I will note some of the practices of Wicca and in so doing we will see interesting parallels with other beliefs. There is a belief in 4 or 5 Elements of Nature: Some acknowledge (4) air, fire, water, earth and others recognize (5) elements: earth, air, water, fire, and spirit or akasha. Some see the points of the pentagram symbol as representing the five elements. Elemental forms are commonly invoked at the beginning of rituals or used in their physical forms to symbolize purity. Each element has associated symbols, rituals and meanings. Like Native American beliefs, there is also a significance held in things like directions: North, south east, west, and center. Colors: Yellow, red, blue, green, violet, white or black. Talismans and/or Totems: Wand, chalices, pentacles, circle, animal totems, etc. Basic concepts of time: Mornings, noon, twilight, midnight and especially seasons (cycles of birth, death, re-birth): Spring, summer, autumn, winter. There is a huge dependency on symbols and symbolism relating to: The mind/intellect, reason, sciences, travel, youth strength, passion, energy, transformation, sex, emotional energies, intuition, wisdom, healing, fertility and transcendence and extremes such as everything and nothing.

Many of these “religions” are defined less by doctrines and dogmas and more by practices and behaviors (i.e.: rituals). Many cling to things related to the seasonal cycle or Wheel or cycle of the Year. The festivals generally fall along the lines of the following (or some variation thereof): Imbolc (midpoint of winter), Ostara (Spring Equinox), Beltane (beginning of Summer), Midsummer (Summer Solstice), Lughnasadh (beginning of harvest), Mabon (Autumn Equinox) , Samhain (end of harvest), Yule (Winter Solstice). It should be noted that many of these pagan festivals influenced the Catholic Church’s desire to covert the pagan masses, thereby they adopted and absorbed many of these practices and renamed them into Catholic celebrations, saints, etc. They did this sometimes to the detriment of the Christian church. Sadly, we are again beginning to see this in the more Liberal denominations willing to participate in ecumenical councils and interfaith gatherings that end up watering down Christian doctrines.

Beliefs about God: What appears to be normative to all these religions is recognition of the divine in nature. These ancient /primal religions generally (but not always) seem to have a polytheistic and often times Panentheistic view of God/gods and view deity often in the sense of a pantheon or multiple gods. One god is usually viewed as supreme or superior to others.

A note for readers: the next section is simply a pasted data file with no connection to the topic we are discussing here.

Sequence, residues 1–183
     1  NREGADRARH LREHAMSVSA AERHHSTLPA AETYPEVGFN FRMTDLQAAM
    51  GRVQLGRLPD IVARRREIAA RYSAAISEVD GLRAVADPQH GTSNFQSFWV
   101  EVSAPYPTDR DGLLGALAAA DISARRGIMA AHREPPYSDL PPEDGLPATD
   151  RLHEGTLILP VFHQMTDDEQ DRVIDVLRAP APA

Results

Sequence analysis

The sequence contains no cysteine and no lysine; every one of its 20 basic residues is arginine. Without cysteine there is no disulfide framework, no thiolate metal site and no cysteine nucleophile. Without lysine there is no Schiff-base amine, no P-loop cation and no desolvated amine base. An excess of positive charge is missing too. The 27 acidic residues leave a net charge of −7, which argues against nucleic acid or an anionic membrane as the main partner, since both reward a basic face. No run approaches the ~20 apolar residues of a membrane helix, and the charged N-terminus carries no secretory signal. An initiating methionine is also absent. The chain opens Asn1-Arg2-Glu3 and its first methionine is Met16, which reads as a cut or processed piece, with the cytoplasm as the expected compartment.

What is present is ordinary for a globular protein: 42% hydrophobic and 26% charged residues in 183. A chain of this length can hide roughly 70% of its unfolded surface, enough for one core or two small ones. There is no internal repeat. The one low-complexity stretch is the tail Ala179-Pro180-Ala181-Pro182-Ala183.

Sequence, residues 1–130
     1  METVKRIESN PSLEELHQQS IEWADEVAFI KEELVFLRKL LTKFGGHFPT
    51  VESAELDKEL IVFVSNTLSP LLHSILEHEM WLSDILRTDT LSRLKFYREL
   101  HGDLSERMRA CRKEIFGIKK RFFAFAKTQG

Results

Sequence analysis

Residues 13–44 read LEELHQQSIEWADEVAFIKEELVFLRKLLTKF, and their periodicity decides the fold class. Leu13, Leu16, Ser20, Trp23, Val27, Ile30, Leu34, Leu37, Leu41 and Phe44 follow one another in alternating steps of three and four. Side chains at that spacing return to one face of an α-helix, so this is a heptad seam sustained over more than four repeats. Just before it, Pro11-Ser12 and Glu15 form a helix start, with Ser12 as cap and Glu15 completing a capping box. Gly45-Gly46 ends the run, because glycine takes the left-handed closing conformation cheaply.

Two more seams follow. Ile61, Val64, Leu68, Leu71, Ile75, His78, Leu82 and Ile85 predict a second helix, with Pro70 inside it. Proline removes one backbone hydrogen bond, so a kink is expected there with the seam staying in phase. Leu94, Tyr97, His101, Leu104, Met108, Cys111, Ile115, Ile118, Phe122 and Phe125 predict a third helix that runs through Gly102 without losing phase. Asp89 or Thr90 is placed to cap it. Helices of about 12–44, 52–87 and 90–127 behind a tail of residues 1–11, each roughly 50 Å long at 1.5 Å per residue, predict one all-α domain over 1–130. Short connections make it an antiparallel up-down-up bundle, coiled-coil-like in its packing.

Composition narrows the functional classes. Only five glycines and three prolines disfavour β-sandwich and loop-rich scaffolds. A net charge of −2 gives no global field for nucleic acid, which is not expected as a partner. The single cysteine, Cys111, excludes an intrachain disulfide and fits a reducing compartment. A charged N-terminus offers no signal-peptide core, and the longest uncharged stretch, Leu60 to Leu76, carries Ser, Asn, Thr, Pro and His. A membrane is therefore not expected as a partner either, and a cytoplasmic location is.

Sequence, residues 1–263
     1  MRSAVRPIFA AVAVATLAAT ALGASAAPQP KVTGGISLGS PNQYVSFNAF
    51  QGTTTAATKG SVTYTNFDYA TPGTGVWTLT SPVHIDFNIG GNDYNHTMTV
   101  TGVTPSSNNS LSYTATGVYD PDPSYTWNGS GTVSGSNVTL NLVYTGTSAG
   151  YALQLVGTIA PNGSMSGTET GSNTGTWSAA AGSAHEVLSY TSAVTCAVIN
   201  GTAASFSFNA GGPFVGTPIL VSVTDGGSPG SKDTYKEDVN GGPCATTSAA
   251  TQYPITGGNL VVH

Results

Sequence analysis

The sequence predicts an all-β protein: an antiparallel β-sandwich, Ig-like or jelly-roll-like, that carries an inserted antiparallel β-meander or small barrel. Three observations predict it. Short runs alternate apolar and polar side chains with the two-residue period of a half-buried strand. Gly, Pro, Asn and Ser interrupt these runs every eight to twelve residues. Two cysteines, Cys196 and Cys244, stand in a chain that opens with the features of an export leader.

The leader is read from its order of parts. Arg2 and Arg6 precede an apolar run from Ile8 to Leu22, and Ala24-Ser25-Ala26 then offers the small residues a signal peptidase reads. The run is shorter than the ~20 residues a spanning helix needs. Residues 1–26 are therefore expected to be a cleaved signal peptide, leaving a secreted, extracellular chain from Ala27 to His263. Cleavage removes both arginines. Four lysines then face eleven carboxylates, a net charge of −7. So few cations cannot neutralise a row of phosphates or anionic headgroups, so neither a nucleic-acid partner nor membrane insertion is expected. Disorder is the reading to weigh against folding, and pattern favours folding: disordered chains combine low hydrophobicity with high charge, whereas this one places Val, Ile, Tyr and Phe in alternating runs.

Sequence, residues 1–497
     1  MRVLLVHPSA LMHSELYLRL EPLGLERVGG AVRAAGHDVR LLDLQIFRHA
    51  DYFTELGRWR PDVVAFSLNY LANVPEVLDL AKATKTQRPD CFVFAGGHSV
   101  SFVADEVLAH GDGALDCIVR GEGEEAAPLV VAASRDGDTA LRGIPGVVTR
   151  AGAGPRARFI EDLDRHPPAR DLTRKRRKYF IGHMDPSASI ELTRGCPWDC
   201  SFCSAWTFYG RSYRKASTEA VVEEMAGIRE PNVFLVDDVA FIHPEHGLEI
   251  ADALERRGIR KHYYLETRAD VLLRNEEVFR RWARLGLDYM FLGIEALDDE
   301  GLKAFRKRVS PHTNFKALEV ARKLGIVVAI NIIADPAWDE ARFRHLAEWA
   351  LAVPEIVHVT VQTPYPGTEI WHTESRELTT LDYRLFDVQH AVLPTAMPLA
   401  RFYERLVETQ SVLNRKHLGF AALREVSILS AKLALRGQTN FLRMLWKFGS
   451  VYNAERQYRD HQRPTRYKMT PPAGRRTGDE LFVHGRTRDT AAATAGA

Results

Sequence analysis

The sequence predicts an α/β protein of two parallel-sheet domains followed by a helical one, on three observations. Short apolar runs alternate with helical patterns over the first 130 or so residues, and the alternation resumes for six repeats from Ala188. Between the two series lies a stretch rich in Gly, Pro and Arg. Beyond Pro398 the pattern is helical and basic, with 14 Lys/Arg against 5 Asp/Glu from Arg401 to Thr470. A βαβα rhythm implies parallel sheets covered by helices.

Beliefs about humanity There is an intrinsic belief the mankind or humanity is intimately tied to the earth.

Beliefs about the supernatural (angels, messages from God, etc):  Nearly all ancient nature religions usually honor ancestral (Cult of the Dead) and locational spirits. (This ties into the afterlife) Although there seemed to be no universal belief of reincarnation among the Celts, it is clear that it was believed that Spirits are often born into flesh for various reasons (Transmigration of Soul)

Beliefs about the afterlife:  These religions seem to follow a wide variety of paths and may have a variety of beliefs questions like the afterlife. The Celts expected their afterlife to be very similar to the life they left behind. They were buried either whole or after cremation, with chariots, jewelry, weapons, drinking equipment and food (similar to Egyptians). If not reincarnation there are many beliefs of afterlife. I’ll mention a few. Summerland is a Wiccan concept of paradise, where one experiences happiness and sensual pleasure. Summerland can function as a destination between reincarnations (a place of rest and renewal) or as the ultimate destination, when a soul eventually stops reincarnating…never mind that the final destination never seems to be alluded to. Then there is Tir na n'Og or "Land of Youth" is a blessed realm across the water where souls journey after death. It is also a land where the souls of heroic warriors engage in valorous battle. This then leads to Valhalla "Hall of the Slain" or Folkvangr "Field of the Host". These appear to be similar to the concept of the Elysium Fields which were destinations for the spirits of noble warriors and kings. The great warriors who journey to Valhalla and Fólkvangr upon their death will assist the gods in the battle at the end of the age. Then of course we have Hades which is the underworld in Greek myth. Descriptions of this place vary from gloomy to a realm similar to the Elysium.